3. Start Organizing Your Taxes.

Once your W-2 arrives, find a place to safely store what may soon become a significant pile of paperwork, Rebeck advises.

"You should also start a file with all your tax documents so that they are readily available once you are ready to start your return. Electronic storage is a great option for this," Rebeck says.

Electronic storage involves scanning your documents and then transferring them to a USB flash drive, CD or external storage drive. You could also store your tax documents on cloud services such as Dropbox or Google Drive.

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Beyond forms like your W-2 or possibly Form 1099-NEC (which you'll receive if you worked as a freelancer or did contract work), designate a place for documents containing your family’s Social Security numbers, any correspondence from the IRS, unemployment income information (if you had any in 2021) such as Form 1099-G, retirement income information and even the previous year's tax return.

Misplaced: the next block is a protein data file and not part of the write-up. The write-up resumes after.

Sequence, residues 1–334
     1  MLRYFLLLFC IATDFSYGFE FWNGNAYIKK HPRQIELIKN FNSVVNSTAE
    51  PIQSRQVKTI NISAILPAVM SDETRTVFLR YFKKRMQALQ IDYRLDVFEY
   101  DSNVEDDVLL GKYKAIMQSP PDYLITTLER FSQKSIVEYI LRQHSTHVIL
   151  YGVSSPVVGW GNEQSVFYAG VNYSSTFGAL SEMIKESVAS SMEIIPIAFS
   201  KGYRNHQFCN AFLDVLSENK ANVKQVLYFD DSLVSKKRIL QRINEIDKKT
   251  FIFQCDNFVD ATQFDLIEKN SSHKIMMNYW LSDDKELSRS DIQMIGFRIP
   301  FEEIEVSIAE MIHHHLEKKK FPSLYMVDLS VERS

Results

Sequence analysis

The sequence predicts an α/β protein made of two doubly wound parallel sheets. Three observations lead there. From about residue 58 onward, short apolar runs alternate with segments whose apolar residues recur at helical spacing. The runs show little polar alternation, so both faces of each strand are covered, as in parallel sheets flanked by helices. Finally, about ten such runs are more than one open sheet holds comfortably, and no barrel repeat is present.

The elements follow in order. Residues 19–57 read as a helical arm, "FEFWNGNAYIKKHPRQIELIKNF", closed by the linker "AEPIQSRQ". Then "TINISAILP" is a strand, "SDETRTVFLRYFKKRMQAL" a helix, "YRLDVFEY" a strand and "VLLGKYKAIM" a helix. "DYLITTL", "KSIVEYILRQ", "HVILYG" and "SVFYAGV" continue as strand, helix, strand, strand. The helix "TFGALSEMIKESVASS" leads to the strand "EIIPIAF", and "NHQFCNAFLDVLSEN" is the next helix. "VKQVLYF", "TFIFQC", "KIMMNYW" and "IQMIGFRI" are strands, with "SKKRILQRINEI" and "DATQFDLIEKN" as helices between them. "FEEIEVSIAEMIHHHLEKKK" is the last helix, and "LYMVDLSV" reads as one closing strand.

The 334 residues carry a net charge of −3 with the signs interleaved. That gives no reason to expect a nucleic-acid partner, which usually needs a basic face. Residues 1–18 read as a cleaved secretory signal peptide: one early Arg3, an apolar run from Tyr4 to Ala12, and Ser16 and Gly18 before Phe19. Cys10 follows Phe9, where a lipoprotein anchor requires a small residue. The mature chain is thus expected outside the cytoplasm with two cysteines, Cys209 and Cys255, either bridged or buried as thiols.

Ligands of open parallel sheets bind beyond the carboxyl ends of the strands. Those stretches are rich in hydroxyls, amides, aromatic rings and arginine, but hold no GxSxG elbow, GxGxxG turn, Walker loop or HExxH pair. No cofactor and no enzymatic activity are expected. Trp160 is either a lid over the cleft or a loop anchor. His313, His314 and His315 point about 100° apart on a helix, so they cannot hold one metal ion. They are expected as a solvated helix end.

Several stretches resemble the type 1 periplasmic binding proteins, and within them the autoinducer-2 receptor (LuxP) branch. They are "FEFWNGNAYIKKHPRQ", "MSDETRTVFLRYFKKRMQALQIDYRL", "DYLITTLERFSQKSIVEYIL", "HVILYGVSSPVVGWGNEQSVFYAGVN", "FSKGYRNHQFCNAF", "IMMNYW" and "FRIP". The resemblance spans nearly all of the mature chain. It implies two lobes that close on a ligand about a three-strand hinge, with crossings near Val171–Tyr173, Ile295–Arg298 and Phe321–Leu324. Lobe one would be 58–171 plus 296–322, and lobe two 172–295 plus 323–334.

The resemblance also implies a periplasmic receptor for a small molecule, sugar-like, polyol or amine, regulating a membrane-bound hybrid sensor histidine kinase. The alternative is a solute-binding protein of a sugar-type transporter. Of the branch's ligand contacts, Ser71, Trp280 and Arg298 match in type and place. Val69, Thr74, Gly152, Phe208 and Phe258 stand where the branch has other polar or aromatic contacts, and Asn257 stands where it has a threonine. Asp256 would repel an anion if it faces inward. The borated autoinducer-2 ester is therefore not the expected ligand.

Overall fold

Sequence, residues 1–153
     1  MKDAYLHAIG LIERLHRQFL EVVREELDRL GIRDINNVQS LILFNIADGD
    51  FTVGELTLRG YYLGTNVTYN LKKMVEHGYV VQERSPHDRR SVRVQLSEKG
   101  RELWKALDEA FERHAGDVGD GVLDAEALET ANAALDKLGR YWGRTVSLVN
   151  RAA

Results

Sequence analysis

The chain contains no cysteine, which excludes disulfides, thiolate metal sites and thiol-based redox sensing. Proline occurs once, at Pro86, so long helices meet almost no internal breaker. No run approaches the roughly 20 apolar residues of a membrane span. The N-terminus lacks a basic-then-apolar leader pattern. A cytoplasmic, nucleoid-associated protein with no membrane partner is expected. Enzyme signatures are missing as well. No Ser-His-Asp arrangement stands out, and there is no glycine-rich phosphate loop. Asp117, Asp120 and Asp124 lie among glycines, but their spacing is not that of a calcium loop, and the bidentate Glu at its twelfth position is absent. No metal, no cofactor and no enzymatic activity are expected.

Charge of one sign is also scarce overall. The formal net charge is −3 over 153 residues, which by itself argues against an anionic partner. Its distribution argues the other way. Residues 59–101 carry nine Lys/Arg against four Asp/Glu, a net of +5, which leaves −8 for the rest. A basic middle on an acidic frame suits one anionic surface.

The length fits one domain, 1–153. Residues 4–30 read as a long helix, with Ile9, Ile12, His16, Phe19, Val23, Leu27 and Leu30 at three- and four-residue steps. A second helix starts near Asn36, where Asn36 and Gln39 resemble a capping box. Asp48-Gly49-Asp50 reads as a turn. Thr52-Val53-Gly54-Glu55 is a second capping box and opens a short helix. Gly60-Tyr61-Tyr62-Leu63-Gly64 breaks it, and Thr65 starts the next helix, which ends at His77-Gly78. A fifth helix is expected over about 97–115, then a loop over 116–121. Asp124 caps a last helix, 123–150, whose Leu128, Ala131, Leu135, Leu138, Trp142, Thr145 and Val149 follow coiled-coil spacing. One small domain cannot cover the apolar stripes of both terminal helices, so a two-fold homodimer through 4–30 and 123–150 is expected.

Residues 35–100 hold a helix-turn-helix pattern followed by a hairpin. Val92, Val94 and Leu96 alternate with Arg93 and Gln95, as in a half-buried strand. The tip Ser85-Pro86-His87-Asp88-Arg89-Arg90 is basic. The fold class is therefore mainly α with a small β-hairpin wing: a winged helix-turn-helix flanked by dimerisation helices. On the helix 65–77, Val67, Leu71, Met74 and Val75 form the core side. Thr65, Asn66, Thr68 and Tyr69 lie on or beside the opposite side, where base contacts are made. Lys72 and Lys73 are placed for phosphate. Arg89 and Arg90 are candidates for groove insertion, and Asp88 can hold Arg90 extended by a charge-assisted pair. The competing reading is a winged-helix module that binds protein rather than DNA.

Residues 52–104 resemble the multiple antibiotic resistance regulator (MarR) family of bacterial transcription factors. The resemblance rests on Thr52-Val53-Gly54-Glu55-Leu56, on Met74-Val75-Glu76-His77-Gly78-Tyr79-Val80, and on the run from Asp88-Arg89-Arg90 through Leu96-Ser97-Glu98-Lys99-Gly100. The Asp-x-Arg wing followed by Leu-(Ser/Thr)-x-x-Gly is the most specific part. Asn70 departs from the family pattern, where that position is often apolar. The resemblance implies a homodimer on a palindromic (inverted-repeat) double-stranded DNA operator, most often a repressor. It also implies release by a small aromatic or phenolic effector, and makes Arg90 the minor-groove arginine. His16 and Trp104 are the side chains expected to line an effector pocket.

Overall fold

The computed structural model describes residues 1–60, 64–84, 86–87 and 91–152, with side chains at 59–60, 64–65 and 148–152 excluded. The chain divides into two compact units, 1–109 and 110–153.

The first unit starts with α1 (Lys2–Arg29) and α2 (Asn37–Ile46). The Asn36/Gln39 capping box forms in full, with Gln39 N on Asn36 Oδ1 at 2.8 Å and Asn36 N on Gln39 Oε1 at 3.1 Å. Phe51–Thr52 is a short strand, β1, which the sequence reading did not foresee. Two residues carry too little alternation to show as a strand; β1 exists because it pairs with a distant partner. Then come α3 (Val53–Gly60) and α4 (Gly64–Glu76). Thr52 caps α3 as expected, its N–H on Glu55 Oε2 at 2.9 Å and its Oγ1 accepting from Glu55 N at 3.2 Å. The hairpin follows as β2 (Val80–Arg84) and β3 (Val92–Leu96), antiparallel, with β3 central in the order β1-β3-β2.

4. Prepare Your Taxes.

At some point, you'll either file your taxes yourself, potentially using tax preparation software, including free online options, or you'll want to hire a professional tax preparer.

With any of those options, you'll need the information on your W-2 to file your taxes properly. If you use an online tax preparation service, you may upload your W-2 to a website or software program.

What if My W-2 Information Is Wrong?

That depends. Is it early in the tax season, or are you only a few days away from the tax filing deadline?

If it’s early and you spot an error, ask your employer to issue you a corrected Form W-2. Once you get that, you can continue where you left off and prepare your taxes. You’ll be doing yourself a favor since a mistake on your tax form could delay a refund.

If it’s late in the season, "contact your human resources administrator and explain to them what the error is and request a new W-2. Then, contact the IRS and explain your situation," says Daniel Hill, a certified financial planner and president of D.R. Hill Wealth Strategies LLC in Richmond, Virginia.